Families facing eviction from apartment house

Six families in an apartment house owned by a former City Council candidate are being evicted by the city Friday for the landlord’s alleged defiance of an order to get a building permit – and thus a certificate of occupancy – for renovations.

“I’m up against the wall,” said Gary Kline, who lives in one of the apartments in a building on Seventh Avenue at 23rd Street owned by Wilson Saguban. “I don’t know what I’m going to do.”

City code officers can cite anyone who remains after Friday, citations that carry fines of $300 to $1,000, fines that can be repeated daily, according to city solicitor Dan Stants.

Kline said he was unaware of the problem until at least Feb. 25, when the city posted a letter on one of the exterior doors of the apartment building, ordering the residents to leave within 10 days.

“It came totally out of left field,” he said.

“Please be advised the City of Altoona does not wish to take this action,” the letter states. “[H]owever, it has become necessary to ensure the safety of all those occupants and members of the public who visit.”

The city first discovered that Saguban had turned a first floor area that used to be his Austin’s Market into apartments without taking out a building permit, when it went to inspect the property in 2012, after Saguban had applied for and received a rental license, Stants said.

At that time, they discovered problems with piping and wiring and things “cobbled together” in the remodeled space and in previously existing apartments upstairs, which were violations of the state’s Uniform Construction Code, which the city enforces, Stants said.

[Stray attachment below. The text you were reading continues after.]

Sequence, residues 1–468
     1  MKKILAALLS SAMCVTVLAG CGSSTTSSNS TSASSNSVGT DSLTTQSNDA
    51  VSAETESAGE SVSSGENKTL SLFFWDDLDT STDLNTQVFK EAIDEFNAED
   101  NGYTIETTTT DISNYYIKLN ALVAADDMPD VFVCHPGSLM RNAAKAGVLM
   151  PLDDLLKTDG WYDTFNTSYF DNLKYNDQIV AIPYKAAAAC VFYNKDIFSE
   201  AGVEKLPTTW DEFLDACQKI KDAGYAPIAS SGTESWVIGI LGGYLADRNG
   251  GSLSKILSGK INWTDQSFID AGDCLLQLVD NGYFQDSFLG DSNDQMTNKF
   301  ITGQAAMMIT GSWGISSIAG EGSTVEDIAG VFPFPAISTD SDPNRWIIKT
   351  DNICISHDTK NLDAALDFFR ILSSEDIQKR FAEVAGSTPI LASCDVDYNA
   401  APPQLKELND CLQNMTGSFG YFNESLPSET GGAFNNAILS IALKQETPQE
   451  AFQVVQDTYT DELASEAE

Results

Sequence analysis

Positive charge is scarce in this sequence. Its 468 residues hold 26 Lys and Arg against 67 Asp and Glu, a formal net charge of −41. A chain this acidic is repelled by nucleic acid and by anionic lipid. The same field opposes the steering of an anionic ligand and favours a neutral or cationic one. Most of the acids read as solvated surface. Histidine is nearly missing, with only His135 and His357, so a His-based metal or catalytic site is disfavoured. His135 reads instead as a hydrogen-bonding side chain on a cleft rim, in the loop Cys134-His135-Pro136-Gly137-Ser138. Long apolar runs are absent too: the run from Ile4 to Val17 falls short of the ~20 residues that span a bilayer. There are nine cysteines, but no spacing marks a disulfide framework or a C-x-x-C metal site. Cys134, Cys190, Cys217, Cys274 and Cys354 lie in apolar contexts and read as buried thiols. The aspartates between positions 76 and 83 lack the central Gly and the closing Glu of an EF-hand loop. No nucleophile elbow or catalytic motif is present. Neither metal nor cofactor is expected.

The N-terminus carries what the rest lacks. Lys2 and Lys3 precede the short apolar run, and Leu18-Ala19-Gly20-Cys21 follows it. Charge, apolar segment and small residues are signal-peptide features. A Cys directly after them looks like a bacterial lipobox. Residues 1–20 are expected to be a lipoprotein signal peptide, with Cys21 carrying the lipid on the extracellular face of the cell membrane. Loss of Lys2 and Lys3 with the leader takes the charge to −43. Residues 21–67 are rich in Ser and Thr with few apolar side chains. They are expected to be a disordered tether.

So they revoked his rental license.

Saguban claimed he was exempt from at least some requirements by claiming to be living in the building, but that was untrue, as he lived on Union Avenue, Stants said.

In March 2013, the city obtained an order to vacate the premises under the UCC.

Saguban tried legal maneuvers in Blair County Court, trying to yoke the case with a similar one on another building he owned on 11th Avenue, Stants said.

The city posted an order on the building to vacate in July, an order the residents should have seen, said City Planning Director Lee Slusser.

But Saguban appealed to higher courts, Stants said.

The appeal was rejected, then the case came back to Blair County Court, he said.

The 11th Avenue property was vacated in January.

The city could seek a court order to the Sheriff’s Department to “abate the nuisance,” which would mean deputies could try to compel Saguban to oust the residents, Stants said.

If he failed to comply, the deputies could make sure everyone left, then place padlocks on the doors, he said.

But that won’t happen, Slusser predicted.

It almost happened with the 11th Avenue property, when the court ordered the Sheriff’s Department to make sure the property was vacant, Stants said.

But when deputies went to execute the order, everyone was gone, he said.

Saguban himself actually padlocked the door, he said.

Kline has been looking for a new place, but without success. He’s disabled and wants to find a first-floor apartment, but most of the available places are on upper floors or too expensive.

He’s paying only $450 a month.

Many of the families have pets, which is compounding the problem, said tenant Roy Harpster, who lives with his mother.

His brother lives in another apartment in the building. They’ve been driving around and “calling everywhere.”

“As soon as you mention dog and cat, they say they can’t help you,” he said.

The tenant of a seventh apartment left already but abandoned many of his possessions, including furniture, because he couldn’t afford to pay someone to move the stuff in such a short time, Kline said.

That resident can return and get his belongings, Slusser said, adding that what is happening is “not as dramatic as it sounds.”

The current door posting encourages tenants to “address your concerns with Mr. Saguban as soon as possible.”

“He created this situation,” Stants said.

Saguban is liable for the same kind of citations the tenants are facing, Stants said. He may be out of town currently, but his wife is in town, Stants said.

A phone number the Mirror used to reach Saguban is no longer in service.

No one answered the door at the Saguban house Tuesday afternoon.

“I don’t know about legality, but I think that 10 days’ notice is a little bit stringent,” Kline said. “It’s pretty much a messed-up situation.”

Mirror Staff Writer William Kibler is at 949-7038.